Cancel Culture and Bullying

There is a lot written about bullying and cancel culture right now. What we need to understand is that NONE of this is new.

1) This isn’t new

People have been bullying since people have been people. It’s a learned behavior. No one has to teach it to kids. Some kids just figure out on their own if they are mean to others, they can get their way.

The learn this on their own. They do it because it works. And they do it because if they can exclude certain people who disagree with them, they can get their way.

I don’t say this to discourage you, because there are effective ways to counteract bullying. I say it because it’s true. Bullying is an effective way to exclude or “cancel” people you disagree with. This isn’t new. Cancel culture isn’t new and often the people complaining about cancel culture are guilty of cancelling others themselves.

2) Bullying has always been about trying to determine who is in and who is out

One of the main things bullies do is they try to exclude people from the group they control. This ability to decide who is “in” and who is “out.” Is powerful. We humans are tribal, which means, we have an instinctual need to belong to a group. Even if we don’t like the people in the group, we still want to belong to it.

When someone starts to label some people in and some people out, they are triggering a REALLY deep instinctual need we have to belong. The fear of not belonging is how they are able to bullying.

The crazy thing is, there are often enough people who are out, that they could create their own group if they wanted. This is often what happens in middle school and high school.

Back to the topic at hand – cancel culture and bullying. Bullying is a form of cancel culture. It’s only effective if we allow bullies to silence us. In most cases, they don’t actually have the ability to silence us, we just let them silence us through fear.

3) Free marketplace of ideas. The hysteria is just that hysteria

In reality, all people have equal opportunity to speak their minds. There are consequences of course. If people don’t like your speech, they are free to tell you. And bullies LOVE telling you they don’t like your speech. And they bully to try and silence speech they don’t agree with. And yes, I just described every schoolyard bully ever.

The thing is, even on the schoolyard, we have choices. We can choose to be bullied into silence, or we can choose to continue speaking our truth. The audience witnessing this will decide what they think. They may side with you, or with the person you believe is bullying you into silence.

My point is that the hysteria over cancel culture is just that – it’s hysteria. The reality is, in the free marketplace of ideas, you aren’t guaranteed an audience. People may decide, they just don’t like you. That’s part of the risk of speaking and being. Not everyone is going to like you. Even if you are awesome, there will always be someone who hates you. ONLY YOU decide what to do about the people who hate you. Do you focus on them, and try to get them to like you? Or do you ignore them and focus on the people who like you? I know what I choose, focus on the positive.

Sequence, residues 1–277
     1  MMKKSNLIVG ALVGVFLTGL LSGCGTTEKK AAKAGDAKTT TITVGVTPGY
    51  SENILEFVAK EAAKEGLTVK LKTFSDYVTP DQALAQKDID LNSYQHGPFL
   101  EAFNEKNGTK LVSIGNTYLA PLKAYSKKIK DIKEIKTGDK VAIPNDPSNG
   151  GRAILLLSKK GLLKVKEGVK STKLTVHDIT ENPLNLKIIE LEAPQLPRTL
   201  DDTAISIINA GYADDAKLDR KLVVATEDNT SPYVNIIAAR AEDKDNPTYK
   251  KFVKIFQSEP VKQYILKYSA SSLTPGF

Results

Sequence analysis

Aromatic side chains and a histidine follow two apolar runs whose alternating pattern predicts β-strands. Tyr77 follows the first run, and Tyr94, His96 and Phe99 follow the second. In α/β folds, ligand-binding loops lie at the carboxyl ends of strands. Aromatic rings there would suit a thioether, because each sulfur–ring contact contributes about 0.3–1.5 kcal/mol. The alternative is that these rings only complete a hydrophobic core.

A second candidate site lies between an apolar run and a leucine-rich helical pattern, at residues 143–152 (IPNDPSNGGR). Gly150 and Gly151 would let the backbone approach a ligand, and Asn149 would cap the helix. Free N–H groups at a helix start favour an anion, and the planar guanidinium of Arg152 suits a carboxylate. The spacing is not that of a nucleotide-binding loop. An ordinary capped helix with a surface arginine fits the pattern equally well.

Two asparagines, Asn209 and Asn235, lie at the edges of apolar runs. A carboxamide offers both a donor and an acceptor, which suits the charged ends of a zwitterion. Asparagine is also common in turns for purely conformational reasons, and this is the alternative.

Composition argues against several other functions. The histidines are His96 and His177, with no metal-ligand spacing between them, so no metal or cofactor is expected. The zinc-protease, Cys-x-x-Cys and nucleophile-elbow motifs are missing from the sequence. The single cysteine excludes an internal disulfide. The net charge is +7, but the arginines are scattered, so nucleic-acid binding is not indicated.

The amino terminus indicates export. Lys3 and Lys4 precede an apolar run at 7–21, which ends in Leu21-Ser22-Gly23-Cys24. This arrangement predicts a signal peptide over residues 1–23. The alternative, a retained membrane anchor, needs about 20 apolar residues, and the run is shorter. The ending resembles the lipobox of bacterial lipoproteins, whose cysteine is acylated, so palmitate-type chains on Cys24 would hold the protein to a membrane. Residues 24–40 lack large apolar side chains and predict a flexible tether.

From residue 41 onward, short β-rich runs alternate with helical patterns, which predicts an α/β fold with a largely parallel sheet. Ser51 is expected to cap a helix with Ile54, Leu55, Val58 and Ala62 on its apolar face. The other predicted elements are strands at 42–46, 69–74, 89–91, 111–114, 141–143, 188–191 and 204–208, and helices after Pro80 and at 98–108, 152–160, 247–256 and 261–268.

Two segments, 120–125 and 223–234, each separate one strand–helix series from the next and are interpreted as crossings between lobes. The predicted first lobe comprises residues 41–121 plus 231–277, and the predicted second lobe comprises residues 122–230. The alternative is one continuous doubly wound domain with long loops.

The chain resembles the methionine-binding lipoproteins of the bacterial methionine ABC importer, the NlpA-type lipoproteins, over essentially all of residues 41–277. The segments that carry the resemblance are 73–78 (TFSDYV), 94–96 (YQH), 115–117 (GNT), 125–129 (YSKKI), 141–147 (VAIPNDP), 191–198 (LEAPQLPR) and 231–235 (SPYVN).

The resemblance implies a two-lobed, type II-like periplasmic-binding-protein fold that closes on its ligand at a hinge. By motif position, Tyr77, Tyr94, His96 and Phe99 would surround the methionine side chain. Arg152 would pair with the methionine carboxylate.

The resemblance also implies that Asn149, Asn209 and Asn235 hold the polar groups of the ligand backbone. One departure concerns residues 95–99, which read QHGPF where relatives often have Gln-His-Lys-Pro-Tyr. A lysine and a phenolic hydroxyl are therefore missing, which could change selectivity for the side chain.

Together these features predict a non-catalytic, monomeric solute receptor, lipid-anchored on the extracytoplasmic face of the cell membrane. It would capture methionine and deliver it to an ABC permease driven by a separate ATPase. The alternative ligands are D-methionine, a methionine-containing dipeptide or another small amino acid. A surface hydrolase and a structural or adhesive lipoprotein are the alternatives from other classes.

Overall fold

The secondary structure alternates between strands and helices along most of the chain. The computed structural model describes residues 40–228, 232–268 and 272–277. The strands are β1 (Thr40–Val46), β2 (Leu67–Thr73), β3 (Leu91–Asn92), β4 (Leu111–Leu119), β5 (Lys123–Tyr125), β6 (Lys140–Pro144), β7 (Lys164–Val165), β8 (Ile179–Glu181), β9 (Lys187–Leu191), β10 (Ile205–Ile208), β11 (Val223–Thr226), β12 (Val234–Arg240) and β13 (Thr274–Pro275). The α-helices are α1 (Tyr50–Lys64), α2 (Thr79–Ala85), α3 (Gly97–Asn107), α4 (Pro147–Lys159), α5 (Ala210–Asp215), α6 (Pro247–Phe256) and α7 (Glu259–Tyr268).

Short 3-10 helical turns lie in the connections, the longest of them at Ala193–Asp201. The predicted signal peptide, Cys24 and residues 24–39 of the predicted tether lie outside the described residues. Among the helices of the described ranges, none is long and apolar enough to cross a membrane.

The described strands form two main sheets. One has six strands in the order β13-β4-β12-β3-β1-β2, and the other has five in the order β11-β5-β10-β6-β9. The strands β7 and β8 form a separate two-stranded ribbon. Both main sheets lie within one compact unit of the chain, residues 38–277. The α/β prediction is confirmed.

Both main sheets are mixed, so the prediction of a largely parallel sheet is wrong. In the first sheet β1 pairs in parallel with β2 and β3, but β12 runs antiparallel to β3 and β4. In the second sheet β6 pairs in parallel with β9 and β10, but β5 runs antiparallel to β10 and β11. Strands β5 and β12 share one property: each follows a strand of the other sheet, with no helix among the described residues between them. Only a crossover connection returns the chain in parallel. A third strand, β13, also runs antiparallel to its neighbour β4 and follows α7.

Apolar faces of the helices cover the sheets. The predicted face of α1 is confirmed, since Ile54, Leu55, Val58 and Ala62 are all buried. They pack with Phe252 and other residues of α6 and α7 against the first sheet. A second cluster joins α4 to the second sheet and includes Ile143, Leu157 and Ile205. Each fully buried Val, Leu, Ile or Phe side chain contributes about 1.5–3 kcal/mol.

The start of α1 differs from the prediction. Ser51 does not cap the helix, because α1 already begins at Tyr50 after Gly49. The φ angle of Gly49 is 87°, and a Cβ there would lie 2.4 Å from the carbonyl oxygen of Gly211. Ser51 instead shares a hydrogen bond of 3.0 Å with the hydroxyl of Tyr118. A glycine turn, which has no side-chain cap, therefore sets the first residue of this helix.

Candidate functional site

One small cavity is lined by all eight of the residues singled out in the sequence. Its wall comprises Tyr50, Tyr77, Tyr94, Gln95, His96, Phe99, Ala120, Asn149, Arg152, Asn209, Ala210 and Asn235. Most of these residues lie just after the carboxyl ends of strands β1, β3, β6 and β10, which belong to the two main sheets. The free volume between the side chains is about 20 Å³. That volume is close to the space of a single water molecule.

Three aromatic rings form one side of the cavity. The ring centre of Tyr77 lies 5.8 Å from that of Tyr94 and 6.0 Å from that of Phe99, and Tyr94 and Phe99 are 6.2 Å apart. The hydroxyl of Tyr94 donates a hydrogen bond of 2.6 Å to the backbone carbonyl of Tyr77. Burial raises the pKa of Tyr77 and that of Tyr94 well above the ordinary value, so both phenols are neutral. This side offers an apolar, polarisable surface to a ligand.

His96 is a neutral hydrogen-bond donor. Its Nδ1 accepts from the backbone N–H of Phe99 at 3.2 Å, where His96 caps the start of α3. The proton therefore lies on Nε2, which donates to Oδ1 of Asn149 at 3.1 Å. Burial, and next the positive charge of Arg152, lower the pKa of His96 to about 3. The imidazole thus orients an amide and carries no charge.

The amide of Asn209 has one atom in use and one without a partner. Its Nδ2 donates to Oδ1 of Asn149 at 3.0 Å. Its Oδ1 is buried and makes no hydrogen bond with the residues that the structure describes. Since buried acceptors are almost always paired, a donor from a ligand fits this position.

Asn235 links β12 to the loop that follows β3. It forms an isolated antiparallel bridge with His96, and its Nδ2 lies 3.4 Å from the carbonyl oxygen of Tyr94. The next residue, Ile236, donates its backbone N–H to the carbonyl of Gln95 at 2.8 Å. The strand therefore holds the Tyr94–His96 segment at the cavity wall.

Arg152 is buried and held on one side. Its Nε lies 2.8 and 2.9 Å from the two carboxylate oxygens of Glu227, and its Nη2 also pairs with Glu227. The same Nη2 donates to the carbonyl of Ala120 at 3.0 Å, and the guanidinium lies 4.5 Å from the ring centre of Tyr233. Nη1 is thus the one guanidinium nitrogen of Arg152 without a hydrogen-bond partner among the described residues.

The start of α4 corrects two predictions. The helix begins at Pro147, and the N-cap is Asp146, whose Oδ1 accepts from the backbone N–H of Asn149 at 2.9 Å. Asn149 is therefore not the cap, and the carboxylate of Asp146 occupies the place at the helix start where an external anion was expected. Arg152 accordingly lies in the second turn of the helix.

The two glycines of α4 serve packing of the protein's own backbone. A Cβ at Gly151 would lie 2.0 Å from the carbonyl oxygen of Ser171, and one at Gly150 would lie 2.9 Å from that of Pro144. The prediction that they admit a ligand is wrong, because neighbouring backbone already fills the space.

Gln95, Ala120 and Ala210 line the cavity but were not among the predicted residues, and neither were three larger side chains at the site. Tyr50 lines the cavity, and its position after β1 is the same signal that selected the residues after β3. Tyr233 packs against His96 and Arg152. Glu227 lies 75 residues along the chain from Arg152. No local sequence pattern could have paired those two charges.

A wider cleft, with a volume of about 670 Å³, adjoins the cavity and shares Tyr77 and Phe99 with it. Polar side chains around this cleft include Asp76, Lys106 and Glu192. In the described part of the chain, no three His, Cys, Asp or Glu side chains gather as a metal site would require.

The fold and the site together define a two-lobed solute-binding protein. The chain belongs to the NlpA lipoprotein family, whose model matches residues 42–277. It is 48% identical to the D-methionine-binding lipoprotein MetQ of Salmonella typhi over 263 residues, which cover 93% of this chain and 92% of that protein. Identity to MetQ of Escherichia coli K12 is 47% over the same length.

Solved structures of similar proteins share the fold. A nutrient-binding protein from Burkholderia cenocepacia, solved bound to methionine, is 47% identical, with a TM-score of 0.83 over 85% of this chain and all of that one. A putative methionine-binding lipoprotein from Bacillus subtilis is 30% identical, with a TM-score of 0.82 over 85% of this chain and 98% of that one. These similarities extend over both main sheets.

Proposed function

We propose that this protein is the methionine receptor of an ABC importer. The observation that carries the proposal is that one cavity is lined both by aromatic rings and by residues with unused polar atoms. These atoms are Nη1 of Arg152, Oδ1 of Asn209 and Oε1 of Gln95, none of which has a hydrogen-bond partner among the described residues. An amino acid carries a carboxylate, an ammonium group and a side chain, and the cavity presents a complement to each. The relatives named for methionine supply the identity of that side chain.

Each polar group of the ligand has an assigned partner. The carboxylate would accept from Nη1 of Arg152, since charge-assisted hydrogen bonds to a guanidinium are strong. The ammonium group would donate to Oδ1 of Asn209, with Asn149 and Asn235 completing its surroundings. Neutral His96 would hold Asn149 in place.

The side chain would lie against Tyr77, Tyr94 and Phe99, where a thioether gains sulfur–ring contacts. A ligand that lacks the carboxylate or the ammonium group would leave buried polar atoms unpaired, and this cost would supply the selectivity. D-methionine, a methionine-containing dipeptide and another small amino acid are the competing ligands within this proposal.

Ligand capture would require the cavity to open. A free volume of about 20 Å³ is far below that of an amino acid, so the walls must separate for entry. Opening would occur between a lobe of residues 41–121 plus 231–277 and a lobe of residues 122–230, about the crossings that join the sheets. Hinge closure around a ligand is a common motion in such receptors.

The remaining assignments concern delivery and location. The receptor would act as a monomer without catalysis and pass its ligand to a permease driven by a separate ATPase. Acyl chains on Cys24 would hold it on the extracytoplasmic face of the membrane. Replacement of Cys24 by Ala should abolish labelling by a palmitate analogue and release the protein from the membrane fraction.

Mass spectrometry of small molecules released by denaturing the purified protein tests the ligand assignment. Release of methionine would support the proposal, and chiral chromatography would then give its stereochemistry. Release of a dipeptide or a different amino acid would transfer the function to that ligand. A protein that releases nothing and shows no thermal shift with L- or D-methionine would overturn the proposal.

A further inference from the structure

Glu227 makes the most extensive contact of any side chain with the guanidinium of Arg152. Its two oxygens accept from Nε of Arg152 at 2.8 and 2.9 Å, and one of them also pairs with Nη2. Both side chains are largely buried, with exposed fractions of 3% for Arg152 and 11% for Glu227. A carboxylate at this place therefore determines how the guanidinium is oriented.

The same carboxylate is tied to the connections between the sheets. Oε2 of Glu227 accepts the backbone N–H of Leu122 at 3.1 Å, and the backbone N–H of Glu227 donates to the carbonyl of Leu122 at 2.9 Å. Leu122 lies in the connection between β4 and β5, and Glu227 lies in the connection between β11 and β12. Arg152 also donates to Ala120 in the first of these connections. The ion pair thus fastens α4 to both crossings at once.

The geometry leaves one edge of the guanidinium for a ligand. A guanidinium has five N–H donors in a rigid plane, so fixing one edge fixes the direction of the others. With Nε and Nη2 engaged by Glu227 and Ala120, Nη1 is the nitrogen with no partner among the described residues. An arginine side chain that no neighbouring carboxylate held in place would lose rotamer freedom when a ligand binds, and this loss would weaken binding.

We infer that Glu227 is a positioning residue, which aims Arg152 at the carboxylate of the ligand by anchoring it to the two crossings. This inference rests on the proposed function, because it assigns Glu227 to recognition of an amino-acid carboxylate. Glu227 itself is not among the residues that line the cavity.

But if people who are saying unpopular things are saying they are being cancelled, the fact they can tell you that, tells you they are not. People are free to speak their mind without being arrested, but they can’t force free people to listen to them.

4) Don’t dismiss critiques as cancel culture. Find out if it is a valid critique first.

Finally, it’s our responsibility, as individuals, to listen to critiques. No one is perfect. It’s entirely possible that someone criticizing you is trying to be constructive. Meaning, they are trying to help.

If you believe things that aren’t true, someone telling you that isn’t true is probably trying to help you. So … if you find yourself being criticized, don’t just brush off those critiques. Consider the possibility that the other person may be right and you might be wrong. Figure out what is true.

This is hard for most people to do. None of us like to admit we were wrong or that we believed something that wasn’t true. But … smart people, at least take the criticism as possibly constructive and look into whatever it is to see if it is, or not.

After all, it’s entirely possible that everyone hates you for a really good reason.

A Little Secret

I’m going to let you in on a little secret. I get hired by companies to provide harassment training. Often, I am brought it because there is a problem person in the organization that is seen to be bullying everyone else.

That person, almost always thinks, they are the victims of bulling themselves. They are indeed acting badly but they are doing so out of self defense. And they are not listening to others give constructive criticism as a result.

My Advice?

You don’t actually have to defend yourself from bullies. Seriously, you don’t. Be a good person. If someone says, you are behaving badly, consider the possibility that you are and make an effort to adjust your behavior accordingly.

How can you tell the difference between bullying and constructive feedback? Bullies are trying to exclude you. They are setting impossible and arbitrary standards. Constructive feedback is designed to help include you and make you part of the group.

Exclusion bad – inclusion good. Hope this helps.